I read some rumblings about Beta in the comments recently and didn't fail to notice
The beta site is fundamentally broken! I appreciate where the defensive story yesterday came from and I know that a lot of actual technical bugs with the new site can and will be fixed. The problem though is that the idea behind the new site itself is broken, so whatever is being built is being built on wrong foundations (and feel free to replace "foundations" with "intentions", depending on your level of paranoia about Dice's ownership/plans). The commenting functionality very much feels like an add-on (and it is reflected in the UI design as well) - at which point you may as well just run a Wordpress blog with comments or a commercial web discussion plug-in. The commenting functionality needs to be the foundation that the rest of the Slashdot is built on, not the other way around.
Based on my own experience, I know how these things go and I know that these (and others') comments will be ignored because a lot of effort would have gone into the current Beta site already. Something reasonably functional will eventually emerge, after many iterations and after a lot of effort, but by that time, a lot of users will have been needlessly turned away.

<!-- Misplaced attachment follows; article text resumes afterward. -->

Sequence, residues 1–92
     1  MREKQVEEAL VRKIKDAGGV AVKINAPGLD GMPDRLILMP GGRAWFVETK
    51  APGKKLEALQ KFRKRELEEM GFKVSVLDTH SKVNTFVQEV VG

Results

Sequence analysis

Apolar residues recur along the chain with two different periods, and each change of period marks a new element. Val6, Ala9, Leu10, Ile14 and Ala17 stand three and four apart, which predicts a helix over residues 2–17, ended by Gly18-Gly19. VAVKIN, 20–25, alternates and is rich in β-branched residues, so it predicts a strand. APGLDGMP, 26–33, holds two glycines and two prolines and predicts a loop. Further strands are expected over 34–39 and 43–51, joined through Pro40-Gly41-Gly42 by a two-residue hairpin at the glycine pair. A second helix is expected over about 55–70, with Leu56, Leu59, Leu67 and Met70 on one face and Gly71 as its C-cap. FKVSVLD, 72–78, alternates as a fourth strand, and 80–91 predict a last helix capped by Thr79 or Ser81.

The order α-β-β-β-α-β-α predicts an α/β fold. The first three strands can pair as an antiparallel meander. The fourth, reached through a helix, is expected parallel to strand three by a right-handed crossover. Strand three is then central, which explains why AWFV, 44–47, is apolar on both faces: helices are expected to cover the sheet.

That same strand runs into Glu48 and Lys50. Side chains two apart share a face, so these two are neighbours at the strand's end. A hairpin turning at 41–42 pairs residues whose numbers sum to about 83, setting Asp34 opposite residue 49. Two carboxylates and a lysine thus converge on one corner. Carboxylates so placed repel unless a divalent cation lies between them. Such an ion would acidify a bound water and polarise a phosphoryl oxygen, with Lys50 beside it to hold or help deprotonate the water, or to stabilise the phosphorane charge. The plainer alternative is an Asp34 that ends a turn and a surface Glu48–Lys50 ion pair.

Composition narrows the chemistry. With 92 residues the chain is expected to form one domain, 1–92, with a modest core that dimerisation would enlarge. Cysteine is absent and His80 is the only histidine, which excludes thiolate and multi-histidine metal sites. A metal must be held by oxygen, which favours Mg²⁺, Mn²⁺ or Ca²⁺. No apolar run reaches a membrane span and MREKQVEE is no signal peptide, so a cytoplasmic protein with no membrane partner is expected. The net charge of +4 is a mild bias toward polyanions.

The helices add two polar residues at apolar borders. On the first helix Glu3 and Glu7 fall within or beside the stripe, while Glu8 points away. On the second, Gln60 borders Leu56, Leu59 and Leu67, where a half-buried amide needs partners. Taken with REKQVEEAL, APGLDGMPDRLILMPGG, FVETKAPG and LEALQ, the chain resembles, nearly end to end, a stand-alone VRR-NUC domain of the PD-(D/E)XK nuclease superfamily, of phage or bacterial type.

Death by a thousand cuts is sad
The car will now require an always on connection to work.
Not only that, but you will be committing a crime if you modify your car so that it doesn't require an active internet connection.
Once again, the criminals will be the only ones to have what they want.
So just how "Open" is "OpenStreetMap"?
Can I download the data and set up my own server in case OpenStreetmap closes it's free access?
Want a bigger disk? Buy a bigger disk and put it in your PC!
Want more memory? Buy more memory and put it in your PC!
Want a faster CPU? Buy a faster CPU and put it in your PC!
Want a faster GPU to play games? Buy a faster graphics card and put it in your PC!